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So, you are all ready to do a big SVN Commit and it bombs because you have inconsistent line endings in some of your files. Fun part is, you're looking at 1,000s of files spanning dozens of folders of different depths.

What do you do?

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4 Answers

up vote 28 down vote accepted

I don't think the pre-commit hook can actually change the data that is being committed - it can disallow a commit, but I don't think it can do the conversion for you.

It sounds like you want the property 'svn:eol-style' set to 'native' - this will automatically convert newlines to whatever is used on your platform (use 'CRLF', 'CR' or 'LF' to get those regardless of what the OS wants).

You can use auto-properties so that all future files you create will have this property set (auto props are handled client-side, so you'd have to set this up for each user).

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The problem with svn:eol-style = native is that it'll fail if you have different line endings. –  David W. Mar 15 '12 at 20:15
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First is to clean everything up. Are you on Windows or Unix/Linux/Mac?

If you're on Unix/Linux/Mac, you can try something like this:

$ find . -type f -name "*.java" -exec dos2unix {}\;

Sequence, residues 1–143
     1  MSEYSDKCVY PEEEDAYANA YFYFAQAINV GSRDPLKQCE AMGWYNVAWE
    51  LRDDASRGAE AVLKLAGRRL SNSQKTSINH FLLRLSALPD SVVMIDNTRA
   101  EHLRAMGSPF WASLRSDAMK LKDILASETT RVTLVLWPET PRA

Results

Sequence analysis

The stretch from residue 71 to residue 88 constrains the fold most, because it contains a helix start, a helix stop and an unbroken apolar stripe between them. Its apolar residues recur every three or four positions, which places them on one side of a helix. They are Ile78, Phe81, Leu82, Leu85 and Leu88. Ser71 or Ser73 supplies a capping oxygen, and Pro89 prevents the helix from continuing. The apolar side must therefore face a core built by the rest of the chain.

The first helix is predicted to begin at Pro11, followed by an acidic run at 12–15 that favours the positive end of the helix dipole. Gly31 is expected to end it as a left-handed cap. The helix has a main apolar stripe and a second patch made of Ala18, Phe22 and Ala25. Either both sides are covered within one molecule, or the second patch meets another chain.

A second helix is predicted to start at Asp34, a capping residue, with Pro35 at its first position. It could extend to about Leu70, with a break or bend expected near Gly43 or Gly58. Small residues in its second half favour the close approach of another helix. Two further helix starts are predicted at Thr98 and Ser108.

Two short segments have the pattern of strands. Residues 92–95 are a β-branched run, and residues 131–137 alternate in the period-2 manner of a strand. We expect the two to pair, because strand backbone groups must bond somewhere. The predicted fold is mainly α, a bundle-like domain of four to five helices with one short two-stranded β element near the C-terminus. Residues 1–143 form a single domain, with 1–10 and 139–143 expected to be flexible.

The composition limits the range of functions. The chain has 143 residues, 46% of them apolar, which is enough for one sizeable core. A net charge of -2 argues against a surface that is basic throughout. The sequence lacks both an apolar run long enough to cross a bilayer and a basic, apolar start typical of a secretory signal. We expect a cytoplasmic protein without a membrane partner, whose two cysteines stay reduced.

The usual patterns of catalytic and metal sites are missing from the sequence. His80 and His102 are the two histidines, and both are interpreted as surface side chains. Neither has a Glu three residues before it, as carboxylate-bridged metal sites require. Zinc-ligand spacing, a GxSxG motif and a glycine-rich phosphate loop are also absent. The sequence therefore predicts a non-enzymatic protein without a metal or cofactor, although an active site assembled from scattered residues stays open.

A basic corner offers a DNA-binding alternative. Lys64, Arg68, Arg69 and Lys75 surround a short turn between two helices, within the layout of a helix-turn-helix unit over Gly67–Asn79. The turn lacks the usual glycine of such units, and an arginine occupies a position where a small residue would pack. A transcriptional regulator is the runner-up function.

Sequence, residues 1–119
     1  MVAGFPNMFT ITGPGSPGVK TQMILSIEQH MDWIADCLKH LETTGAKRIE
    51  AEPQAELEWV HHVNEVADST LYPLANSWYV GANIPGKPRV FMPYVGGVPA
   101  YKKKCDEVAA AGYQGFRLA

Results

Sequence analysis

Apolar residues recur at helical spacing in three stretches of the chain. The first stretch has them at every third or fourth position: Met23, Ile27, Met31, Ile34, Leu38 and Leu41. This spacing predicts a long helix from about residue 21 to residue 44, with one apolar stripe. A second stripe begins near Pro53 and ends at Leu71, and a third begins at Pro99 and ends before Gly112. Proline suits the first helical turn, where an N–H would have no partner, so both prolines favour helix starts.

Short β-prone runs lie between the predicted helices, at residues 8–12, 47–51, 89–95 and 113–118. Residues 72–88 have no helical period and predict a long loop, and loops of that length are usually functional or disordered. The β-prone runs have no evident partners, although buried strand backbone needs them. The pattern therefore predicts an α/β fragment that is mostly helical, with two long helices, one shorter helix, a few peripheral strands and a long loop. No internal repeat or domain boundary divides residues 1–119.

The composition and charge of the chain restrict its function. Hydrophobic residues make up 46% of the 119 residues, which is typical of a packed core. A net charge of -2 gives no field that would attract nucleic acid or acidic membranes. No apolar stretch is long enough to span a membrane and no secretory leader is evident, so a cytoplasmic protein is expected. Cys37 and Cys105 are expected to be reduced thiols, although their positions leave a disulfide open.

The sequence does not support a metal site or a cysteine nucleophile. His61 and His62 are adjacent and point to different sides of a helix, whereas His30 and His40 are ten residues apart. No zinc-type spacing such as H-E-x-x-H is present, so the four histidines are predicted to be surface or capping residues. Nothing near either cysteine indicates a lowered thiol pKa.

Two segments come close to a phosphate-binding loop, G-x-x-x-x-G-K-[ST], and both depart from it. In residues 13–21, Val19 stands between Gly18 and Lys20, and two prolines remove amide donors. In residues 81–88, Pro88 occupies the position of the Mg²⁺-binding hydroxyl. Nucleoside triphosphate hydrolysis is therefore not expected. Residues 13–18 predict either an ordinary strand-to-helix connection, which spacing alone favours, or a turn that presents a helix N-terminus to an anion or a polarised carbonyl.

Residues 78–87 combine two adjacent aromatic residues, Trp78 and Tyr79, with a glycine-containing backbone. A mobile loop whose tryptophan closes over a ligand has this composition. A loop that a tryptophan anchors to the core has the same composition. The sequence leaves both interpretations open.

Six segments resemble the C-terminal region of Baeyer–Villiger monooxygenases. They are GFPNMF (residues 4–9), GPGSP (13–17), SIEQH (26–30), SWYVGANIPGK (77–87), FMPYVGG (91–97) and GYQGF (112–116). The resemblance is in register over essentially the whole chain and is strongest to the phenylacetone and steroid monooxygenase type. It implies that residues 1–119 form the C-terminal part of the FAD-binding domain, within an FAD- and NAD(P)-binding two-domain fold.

That's if you have dos2unix on your box. It's not on my Mac or any of the six Linux machines we have. Seems like we didn't install this particular package. Fortunately, it's easy enough to find.

Be careful using it because you don't want to to munge binary files.

Once you've cleaned everything up, you should put the svn:eol-style property on your files. Setting it to native will checkout the file with the correct line ending for your machine, but store them in Unix line ending format. The other three options are "LF" for Unix, "CRLF" for Windows, and "CR" for pre Mac OS X Macs. Most people find "native" to work out the best. The only problem with Native is that it won't check in a file with mixed line endings while "LF" and "CRLF" will.

Once you do that, you should get a pre-commit hook that will allow you to enforce line endings on particular files. Then, teach your developers to use autoproperties. The pre-commit hook will prevent any commits unless the property is placed on the file A developer gets their commit rejected once or twice, and they'll setup auto properties on their own.

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Add a pre-commit hook which parses the file content and performs the munging of CRLF/LF/CR/etc for you before it's written to SVN.

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Sorry, a pre-commit hook can't change the files in your working directory. The pre-commit hook runs on the server, so it doesn't even have access to the working directory. –  David W. Mar 15 '12 at 20:05
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You may consider using a command like Linux's dos2unix for the conversion. Being a Linux command, it is easy to use it in batch mode with scripts etc. I do not know whether there is an equivalent for other operating systems.

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